Copyright © 2009 Dassault Systèmes SolidWorks Corp. All rights reserved.
Do not distribute or reproduce without the written consent of Dassault Systèmes SolidWorks Corp.

To spruce up the trajectory animations in Flow Simulation, here are a few things that you can do:

1) Turn on the Lighting effects (see below pics).  On the left, without lighting; on the right, with lighting on.  Locate the Apply Lighting button on the far right of the toolbar on the FloWorks tab.  (Bonus tip: To turn Lighting on by default, on the SolidWorks drop-down menu click Tools > Options, then click the Third-Party button at the bottom and in the dialog that opens scroll down to View Options and the fourth one from the bottom of this section is Apply Lighting (default).)



2) Impulse the trajectories.  After you create the animation, click on the More button on the animation toolbar, right-click on the flow trajectory timeline (colored purple to mean that it will launch), change the Restart time to a non-zero value by clicking the up button once.  When it plays it will impulse the flow from the inlet, which makes for a more dramatic animation.
Note: To play the animated GIF below, click on the picture.


3) Change the View orientation.  Just like you do with SW animator, change the view orientation by a right-click on the assembly (or part) name to turn off the lock orientation.  Create a control point at the beginning of the timeline, move the vertical time bar to a new time and then simply move and rotate the model, a new control point will automatically be created.  Now when you play, the model will gradually change its orientation from one control point to the next.

Here's a tweak for Flow Simulation to use when you want to create nice flow trajectory images for reports, publishing, or marketing, especially for close ups.

You can adjust the image quality of the flow trajectories by the following procedure:

In SolidWorks (with Flow Simulation add-in active), go to Tools > Options > click on the Third Party button at the bottom.  Scroll down to the section called "View Options" and locate the field for "Trajectory image quality."

Trajectory image quality allows you to adjust the quality of rendering of 3D pipes, arrows or spheres that are used to visualize flow and particle trajectories. You can change the value of Trajectory image quality in the range from 1 to 100, the bigger the value, the higher the quality of the 3D trajectories visualization. The default value is 10. Please note that high values can result in a significant increase in CPU time required to build the trajectories, especially in the case when the number of trajectories is also high.

Here is a chart to see exactly what changes the image quality value has on the rendering.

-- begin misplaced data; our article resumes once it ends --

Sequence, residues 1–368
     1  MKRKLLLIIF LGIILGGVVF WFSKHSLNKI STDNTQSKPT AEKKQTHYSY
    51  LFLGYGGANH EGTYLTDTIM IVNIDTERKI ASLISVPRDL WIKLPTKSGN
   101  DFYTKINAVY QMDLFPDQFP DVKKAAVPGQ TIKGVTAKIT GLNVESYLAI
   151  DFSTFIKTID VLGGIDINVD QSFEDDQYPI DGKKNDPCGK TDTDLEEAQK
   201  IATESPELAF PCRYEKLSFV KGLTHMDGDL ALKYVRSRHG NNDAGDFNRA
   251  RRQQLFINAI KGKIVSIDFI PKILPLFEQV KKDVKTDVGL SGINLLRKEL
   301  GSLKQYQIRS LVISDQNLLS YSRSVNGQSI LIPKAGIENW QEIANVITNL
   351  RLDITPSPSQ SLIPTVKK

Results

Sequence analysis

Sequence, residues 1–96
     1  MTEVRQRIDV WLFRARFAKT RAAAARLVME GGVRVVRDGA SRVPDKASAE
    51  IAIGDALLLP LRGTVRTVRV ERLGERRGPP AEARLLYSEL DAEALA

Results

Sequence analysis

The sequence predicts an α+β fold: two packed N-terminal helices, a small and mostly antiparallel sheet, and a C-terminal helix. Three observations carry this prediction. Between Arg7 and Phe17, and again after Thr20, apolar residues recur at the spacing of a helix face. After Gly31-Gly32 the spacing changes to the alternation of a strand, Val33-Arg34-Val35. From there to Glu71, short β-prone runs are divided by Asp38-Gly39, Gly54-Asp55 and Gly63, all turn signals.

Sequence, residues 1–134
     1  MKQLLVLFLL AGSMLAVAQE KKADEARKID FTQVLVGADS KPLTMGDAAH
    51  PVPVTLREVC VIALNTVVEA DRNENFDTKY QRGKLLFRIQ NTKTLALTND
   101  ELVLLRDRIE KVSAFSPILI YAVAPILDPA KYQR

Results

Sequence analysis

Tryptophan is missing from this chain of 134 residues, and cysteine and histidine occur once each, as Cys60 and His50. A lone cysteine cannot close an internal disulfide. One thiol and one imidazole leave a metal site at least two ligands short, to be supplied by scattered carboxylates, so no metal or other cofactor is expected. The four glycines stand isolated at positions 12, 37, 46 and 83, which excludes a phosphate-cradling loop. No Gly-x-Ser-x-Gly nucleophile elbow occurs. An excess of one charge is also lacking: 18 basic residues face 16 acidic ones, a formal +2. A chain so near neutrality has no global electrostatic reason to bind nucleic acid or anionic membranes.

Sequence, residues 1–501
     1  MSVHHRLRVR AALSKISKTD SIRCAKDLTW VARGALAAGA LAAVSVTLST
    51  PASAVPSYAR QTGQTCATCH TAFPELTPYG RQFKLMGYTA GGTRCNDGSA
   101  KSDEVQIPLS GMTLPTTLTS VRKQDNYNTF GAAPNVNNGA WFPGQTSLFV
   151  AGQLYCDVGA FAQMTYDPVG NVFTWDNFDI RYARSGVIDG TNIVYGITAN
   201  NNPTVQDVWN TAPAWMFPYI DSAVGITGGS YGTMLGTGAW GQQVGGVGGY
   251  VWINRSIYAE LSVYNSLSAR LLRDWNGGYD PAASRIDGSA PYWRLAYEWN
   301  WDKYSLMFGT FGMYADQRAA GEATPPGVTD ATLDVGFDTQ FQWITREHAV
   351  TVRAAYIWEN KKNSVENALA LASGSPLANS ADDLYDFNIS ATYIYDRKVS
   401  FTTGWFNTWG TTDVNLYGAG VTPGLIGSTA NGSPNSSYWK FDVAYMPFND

A quality of 1 makes a obviously faceted rendering, 10 is a little better and 100 is very smooth.  Not shown on the chart, I did not see much difference between the image quality for 50 and 100 except with the reflection of light.  Pipes show the least effect of image quality except for shininess and appearing slightly larger.


Copyright © 2009 Dassault Systèmes SolidWorks Corp. All rights reserved.
Do not distribute or reproduce without the written consent of Dassault Systèmes SolidWorks Corp.
A good way to show flow trajectories is by combining an  animation of arrows with pipes resulting in the below example animation.  When  animating the type called "Lines with arrows," it acts like an animation with pipes where they start from the beginning and go to the end; that's not the result that I am looking for.  But with the  new combination, the pipes stay static and the arrows move on top of the  pipes.

To accomplish this,  just simple create a flow trajectory plot with "Arrows" (flat arrows also work  well).  Set the size of the arrow appropriately, in my example I used a 2mm  arrow size.  Clone that flow trajectory plot and then edit the type to "Pipes" and make the size about 4 times smaller, so in my example the pipe size is  0.5mm.  Then just animate the first flow trajectory plot with the Arrows, so that the one with the Pipes stays static.


Animated 3D arrows with static pipes.gif
Copyright © 2009 Dassault Systèmes SolidWorks Corp. All rights reserved.
Do not distribute or reproduce without the written consent of Dassault Systèmes SolidWorks Corp.
Since the movie on Amelia Earhart started this past weekend, it reminded me of another historical figure in aeronautics, Henri CoandăThe point of this post: SW Flow Simulation supports the Coandă effect.

The Coandă effect is the tendency of a fluid jet to stay attached to an adjacent curved surface that is very well shaped.  The principle was named after Romanian Henri Coandă, who was the first to recognize the practical application of the  phenomenon in aircraft development.

More  info:
Copyright © 2009 Dassault Systèmes SolidWorks Corp. All rights reserved.
Do not distribute or reproduce without the written consent of Dassault Systèmes SolidWorks Corp.